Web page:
The conventional view of Dougga, a Unesco World Heritage site and “the best preserved Roman small town in north Africa” is as follows: absolutely stupendous. It is that, of course, with its stunning theatre, the Capitol, the Forum, the small shops in front of the Temple of Mercury, the public baths and 25-bedroom bordello. Dougga is a time capsule, offering a glimpse of a world from 1800 years ago that’s entirely recognizable in the 21st century.
But Dougga is perplexing in all sorts of ways.
First, its location. Why would the Romans want to build a city far from a port, 160 km away from Carthage?
Second, its incompleteness as a preserved archaeological site.
Look at the olive trees growing atop one of the walls of the bordello (see below). The locals refuse to cede ground to the Tunisian government (and Unesco), accept compensation and allow Dougga to become possibly one of the best preserved Roman real ‘theme parks’ in the world.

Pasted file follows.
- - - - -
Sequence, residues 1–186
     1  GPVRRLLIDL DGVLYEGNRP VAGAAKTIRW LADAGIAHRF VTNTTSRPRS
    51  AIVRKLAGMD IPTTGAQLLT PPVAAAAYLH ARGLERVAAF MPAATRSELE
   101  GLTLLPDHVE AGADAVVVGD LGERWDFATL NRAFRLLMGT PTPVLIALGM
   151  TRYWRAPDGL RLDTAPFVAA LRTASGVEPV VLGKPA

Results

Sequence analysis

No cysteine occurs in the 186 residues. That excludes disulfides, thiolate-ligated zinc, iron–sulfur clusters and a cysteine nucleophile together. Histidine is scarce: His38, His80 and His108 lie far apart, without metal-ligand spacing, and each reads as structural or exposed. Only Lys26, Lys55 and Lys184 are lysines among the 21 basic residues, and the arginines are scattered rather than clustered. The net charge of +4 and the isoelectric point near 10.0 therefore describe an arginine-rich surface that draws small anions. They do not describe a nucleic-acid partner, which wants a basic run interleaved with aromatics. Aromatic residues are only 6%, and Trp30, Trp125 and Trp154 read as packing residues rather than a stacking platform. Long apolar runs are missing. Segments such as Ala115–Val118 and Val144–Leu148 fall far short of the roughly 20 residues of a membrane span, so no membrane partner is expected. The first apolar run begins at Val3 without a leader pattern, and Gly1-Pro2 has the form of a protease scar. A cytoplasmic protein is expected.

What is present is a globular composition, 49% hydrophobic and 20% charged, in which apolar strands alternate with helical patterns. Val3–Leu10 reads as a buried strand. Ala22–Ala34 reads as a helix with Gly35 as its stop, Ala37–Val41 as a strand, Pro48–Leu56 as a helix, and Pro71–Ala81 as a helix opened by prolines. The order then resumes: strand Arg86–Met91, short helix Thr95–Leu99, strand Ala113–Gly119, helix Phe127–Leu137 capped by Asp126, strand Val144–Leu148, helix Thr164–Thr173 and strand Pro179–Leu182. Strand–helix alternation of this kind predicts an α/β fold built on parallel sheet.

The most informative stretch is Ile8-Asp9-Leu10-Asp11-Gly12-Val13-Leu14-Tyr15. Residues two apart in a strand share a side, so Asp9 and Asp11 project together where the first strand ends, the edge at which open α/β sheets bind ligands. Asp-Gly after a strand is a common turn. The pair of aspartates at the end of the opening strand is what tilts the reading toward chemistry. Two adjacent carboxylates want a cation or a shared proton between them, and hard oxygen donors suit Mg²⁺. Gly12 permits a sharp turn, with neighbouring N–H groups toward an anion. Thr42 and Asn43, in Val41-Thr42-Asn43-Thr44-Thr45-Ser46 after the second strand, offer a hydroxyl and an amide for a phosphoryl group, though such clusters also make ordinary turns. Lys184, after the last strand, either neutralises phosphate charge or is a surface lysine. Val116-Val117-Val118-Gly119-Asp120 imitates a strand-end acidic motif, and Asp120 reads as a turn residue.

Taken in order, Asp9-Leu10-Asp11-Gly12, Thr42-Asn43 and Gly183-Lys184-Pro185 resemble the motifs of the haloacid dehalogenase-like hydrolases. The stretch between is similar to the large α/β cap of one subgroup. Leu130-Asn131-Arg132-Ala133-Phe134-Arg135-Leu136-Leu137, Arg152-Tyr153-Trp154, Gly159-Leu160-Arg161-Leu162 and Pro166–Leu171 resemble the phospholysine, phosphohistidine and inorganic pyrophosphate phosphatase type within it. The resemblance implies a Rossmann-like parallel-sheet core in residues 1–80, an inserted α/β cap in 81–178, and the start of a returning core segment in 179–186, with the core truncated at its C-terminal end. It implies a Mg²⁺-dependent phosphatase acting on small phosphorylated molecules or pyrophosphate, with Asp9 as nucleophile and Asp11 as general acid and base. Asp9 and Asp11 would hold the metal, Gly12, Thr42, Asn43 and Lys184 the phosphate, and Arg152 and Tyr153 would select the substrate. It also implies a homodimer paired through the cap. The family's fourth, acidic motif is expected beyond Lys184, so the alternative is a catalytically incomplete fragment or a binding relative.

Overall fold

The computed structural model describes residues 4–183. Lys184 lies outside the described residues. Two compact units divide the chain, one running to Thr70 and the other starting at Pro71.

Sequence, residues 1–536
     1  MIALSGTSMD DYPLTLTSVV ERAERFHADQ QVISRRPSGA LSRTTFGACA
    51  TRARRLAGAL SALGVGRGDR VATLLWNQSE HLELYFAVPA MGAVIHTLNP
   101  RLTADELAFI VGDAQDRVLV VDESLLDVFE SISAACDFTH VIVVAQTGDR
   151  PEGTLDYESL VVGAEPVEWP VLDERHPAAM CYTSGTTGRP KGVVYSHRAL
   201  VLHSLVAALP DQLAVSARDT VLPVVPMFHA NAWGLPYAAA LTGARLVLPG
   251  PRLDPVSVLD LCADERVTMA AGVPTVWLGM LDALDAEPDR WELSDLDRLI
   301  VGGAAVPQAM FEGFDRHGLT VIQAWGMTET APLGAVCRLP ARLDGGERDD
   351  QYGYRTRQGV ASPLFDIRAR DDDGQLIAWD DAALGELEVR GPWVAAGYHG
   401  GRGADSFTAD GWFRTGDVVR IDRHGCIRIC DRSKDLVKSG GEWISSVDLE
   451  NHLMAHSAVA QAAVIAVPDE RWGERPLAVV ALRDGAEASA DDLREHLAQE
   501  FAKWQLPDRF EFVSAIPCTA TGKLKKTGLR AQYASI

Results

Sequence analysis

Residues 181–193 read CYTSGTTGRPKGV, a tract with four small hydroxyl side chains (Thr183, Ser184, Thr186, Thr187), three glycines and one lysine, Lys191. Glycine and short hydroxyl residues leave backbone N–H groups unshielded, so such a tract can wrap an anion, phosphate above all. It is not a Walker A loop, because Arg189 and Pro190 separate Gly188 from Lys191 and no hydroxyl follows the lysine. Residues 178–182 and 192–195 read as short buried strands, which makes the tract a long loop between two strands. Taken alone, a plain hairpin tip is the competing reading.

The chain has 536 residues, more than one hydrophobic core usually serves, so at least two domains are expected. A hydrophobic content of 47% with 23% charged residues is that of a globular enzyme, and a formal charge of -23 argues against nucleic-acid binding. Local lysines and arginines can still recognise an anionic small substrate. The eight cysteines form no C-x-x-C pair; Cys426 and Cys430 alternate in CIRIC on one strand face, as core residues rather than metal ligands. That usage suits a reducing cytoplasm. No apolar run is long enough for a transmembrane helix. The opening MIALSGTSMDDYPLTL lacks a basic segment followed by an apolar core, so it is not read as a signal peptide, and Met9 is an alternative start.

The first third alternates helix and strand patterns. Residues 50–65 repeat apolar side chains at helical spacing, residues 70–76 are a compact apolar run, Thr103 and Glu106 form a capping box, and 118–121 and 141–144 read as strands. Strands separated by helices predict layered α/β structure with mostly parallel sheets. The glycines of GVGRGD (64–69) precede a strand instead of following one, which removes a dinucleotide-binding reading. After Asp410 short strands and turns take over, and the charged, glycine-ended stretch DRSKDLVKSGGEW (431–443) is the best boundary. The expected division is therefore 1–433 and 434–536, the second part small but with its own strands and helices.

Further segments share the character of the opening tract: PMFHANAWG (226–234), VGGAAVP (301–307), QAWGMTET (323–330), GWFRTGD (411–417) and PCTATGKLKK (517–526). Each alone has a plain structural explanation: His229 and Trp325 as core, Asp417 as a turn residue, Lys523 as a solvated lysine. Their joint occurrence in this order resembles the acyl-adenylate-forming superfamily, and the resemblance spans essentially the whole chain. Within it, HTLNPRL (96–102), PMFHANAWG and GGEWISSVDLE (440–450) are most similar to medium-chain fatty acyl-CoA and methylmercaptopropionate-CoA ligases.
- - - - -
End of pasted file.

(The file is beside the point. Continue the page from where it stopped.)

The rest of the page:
Apparently, the interior pipes that run water up the walls of public baths to intensify the sauna-like qualities are intact here, but not in Rome.
The location issue is easily resolved. Dougga sits on a hill with an easy 360-degree view of the world, smack in the middle of fertile land, with olive trees growing all around.
The second problem – of Dougga’s incomplete excavation and preservation – is not so easily addressed. There seems little hope but to wait out the current claimants to the land – an olive tree has a lifetime of about 140 years, so when one farming generation dies, it may be time to strike.
Even so, a visit to Kerkouane, the Phonecian city probably abandoned during the First Punic War between ancient Carthage and the Roman Empire (250 BC), shows that Dougga is a veritable jewel of preservation in comparison.
Kerkouane is 3,000 years old and perfectly laid out in all sorts of ways – right down to the hip baths, the house numbers and the mosaic flooring in the reception rooms of middle class houses. But it stands forlorn and unattended, unexcavated, unrevealed to the world.
The legend goes that in the Ben Ali days, Unesco was paying 60 dinars per man per day to work on the site but one of the president’s men was the channel and only 17 dinars each got to the recipients. There was trouble and work stopped.
A great loss for Tunisia – and the world.